just wait, it's coming! dddragon presents: Is Anything Truly Random?

Monday, October 31, 2005

Happy Birthday, Juliette Gordon Low!

Juliette Low was the founder of Girl Scouts of the USA.

Her life was an interesting one, with too many sad points. Lady from Savannah tells of her life, and there are plenty of online biographies, too. One of my favorite stories is about how she got bored at a dinner party and snuck out with Rudyard Kipling to go fishing - she was still in her formal evening gown!

GSUSA is the largest organization for girls and women in the world. Girl Scout Birthday is March 12, and next March will be the 94th anniversary. The following year, on the 95th, there will be a huge Singalong in Washington, D.C. and satellite sites around the country. I was at the 90th and it was amazing how many Girl Scouts were there!

Also ~ Happy Halloween!

Sunday, October 30, 2005

Happy Birthday!

Happy Happy Birthday
to my Baby Sis,

And many more!!

this is an audio post - click to play
The words to the song on the audio:
Oh, happy birthday,
Oh, happy birthday,
Pain, misery and despair,
People dying everywhere!
BUT ….
Oh, happy birthday ...

Friday, October 28, 2005

The Mantra

A friend sent one of those "forward to X number of friends ..." emails. I normally delete these, but I thought that these words are worth posting:

1. Take into account that great love and great achievements involve great risk.
2. When you lose, don't lose the lesson.
3. Follow the three Rs:
Respect for self,
Respect for others and
Responsibility for all your actions.
4. Remember that not getting what you want is sometimes a wonderful stroke of luck.
5. Learn the rules so you know how to break them properly.
6. Don't let a little dispute injure a great relationship.
7. When you realize you've made a mistake, take immediate steps to correct it.
8. Spend some time alone every day.
9. Open arms to change, but don't let go of your values.
10. Remember that silence is sometimes the best answer.
11. Live a good, honorable life. Then when you get older, think back, you'll be able to enjoy it a second time.
12. A loving atmosphere in your home is the foundation for your life.
13. In disagreements with loved ones, deal only with the current situation. Don't bring up the past.
14. Share your knowledge. It's a way to achieve immortality.
15. Be gentle with the earth.
16. Once a year, go someplace you've never been before.
17. Remember that the best relationship is one in which your love for each other exceeds your need for each other.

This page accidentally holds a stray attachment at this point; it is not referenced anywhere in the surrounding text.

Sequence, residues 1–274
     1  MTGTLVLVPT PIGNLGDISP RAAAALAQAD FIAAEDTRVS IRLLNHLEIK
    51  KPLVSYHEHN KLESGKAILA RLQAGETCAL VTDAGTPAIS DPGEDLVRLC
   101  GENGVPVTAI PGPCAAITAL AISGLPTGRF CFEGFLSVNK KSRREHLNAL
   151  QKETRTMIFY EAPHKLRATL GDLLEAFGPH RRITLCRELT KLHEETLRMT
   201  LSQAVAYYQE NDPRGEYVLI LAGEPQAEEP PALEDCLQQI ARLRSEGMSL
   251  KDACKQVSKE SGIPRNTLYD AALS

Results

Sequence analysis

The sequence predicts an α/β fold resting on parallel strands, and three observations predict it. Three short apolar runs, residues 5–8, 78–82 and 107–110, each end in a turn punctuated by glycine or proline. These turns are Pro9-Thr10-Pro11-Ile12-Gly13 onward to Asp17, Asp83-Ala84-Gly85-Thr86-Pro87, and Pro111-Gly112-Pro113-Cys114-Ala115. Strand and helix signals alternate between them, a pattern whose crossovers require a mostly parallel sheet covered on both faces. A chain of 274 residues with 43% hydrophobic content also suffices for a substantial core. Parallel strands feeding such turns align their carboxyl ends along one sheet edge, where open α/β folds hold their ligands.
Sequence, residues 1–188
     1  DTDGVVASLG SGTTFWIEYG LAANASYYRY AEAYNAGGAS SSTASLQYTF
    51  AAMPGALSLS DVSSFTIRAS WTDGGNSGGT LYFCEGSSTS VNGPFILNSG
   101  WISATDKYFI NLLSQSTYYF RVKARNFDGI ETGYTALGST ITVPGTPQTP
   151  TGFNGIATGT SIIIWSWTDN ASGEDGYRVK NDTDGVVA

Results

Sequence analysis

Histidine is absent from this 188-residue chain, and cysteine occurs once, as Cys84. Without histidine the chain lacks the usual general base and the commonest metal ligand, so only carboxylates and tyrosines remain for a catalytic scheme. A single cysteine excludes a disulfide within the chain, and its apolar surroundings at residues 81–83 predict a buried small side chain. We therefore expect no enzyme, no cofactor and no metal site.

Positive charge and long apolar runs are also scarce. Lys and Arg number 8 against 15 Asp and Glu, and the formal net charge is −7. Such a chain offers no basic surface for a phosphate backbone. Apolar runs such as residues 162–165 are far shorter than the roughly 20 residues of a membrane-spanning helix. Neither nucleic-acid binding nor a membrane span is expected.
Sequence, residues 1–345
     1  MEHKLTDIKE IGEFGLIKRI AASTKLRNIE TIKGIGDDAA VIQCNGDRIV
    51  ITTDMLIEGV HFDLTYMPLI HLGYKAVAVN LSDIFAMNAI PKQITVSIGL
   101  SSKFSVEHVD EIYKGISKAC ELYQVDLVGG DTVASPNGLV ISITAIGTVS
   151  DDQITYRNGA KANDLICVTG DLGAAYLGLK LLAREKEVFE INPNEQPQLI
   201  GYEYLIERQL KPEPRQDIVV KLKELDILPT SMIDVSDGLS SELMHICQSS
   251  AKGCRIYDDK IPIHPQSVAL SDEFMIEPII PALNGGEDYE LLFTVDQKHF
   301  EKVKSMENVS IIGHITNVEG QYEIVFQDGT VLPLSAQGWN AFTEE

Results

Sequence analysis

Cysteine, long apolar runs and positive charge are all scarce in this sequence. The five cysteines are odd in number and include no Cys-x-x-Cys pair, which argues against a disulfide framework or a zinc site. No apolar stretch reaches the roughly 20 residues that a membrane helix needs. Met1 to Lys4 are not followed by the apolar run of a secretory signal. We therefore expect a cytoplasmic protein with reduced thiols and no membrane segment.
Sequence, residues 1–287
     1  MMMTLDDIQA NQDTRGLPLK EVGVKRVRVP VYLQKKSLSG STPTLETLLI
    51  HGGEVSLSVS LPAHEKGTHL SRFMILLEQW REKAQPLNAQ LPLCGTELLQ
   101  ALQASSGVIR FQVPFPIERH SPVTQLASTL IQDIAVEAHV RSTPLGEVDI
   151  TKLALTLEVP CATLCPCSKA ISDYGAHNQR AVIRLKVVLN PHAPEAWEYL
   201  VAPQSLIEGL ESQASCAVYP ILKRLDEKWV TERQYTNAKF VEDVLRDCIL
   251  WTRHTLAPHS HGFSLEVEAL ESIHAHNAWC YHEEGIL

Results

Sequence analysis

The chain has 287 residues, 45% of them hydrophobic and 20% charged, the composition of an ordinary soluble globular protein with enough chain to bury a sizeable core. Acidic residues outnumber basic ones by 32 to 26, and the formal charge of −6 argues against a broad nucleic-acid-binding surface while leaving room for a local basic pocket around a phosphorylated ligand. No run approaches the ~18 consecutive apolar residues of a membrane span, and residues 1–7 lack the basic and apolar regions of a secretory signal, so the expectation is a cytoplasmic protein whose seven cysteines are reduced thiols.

18. Judge your success by what you had to give up in order to get it.
19. Approach love and cooking with reckless abandon.

These words are attributed to the Dalai Lama.

Thursday, October 27, 2005


This column is in today's local newspaper, and I think it's well-written and should have a larger audience:

2,000 lives lost in war weigh down our hearts
Thursday, October 27, 2005

by Nancy Eshelman, columnist for The Patriot News

If I collected 2,000 pennies, I'd have $20.

From there, it's all about perspective.

If you're in kindergarten with a $20 bill, you're queen of the world.

If you're the average working stiff, you know that $20 won't even fill up the gas tank anymore.

It's that way with our losses in this maddening war in Iraq.

For many of us, 2,000 represents a tragic number.

Although it was splashed across the fronts of newspapers yesterday, it's a silly milestone, really.
Aren't 1,999 or 2,001 just as horrifying?

While he shares the nation's pain, a World War II veteran reminded me the other day that 2,000 pales in comparison with the 405,399 who died in his war.

Likewise, for my contemporaries who fought in Vietnam, the numbers in this most recent war don't come near the loss of 58,209 from our generation.

Still, for someone like me, who bends to pluck a penny in a parking lot, every one is valuable. Conversely, the loss of even one is unacceptable.

We need to dwell on the number, to put it in perspective, to feel it.

If we collected 2,000 pennies and rolled them in coin wrappers, we'd fill 40 wrappers.

You can pick up a coin wrapper and feel the weight.

Put one in each hand. Feel the weight double.

Try to scoop up five or six in each hand. Or dump all 40 in a sack and pick it up. It's a heavy load to carry.

Maybe you'd prefer to place the 40 coin wrappers on a table. You could roll them around. Try to stack them. Watch them tumble.

Or maybe you'd rather not wrap your pennies at all. Just dump all 2,000 on the table top and run your fingers through them. So many. Each worth something.

Visualize yourself driving down Route 15.

Eventually you arrive in Dillsburg, a pleasant little community. In the last census, the population of Dillsburg was 2,063.

Imagine tomorrow that everyone in Dillsburg just vaporized, disappeared.

Imagine how horrified we'd be. Imagine the headlines.

But if the people of Dillsburg disappeared one at a time, like pennies rolling off a table, the loss would be less noticeable.

Soldiers die day after day in Iraq.

We notice the local guys we lose. We grieve and we mourn and we splash our loss across the front page.

Proximity makes them more valuable, like wheat pennies from the early part of the 20th century that people collect.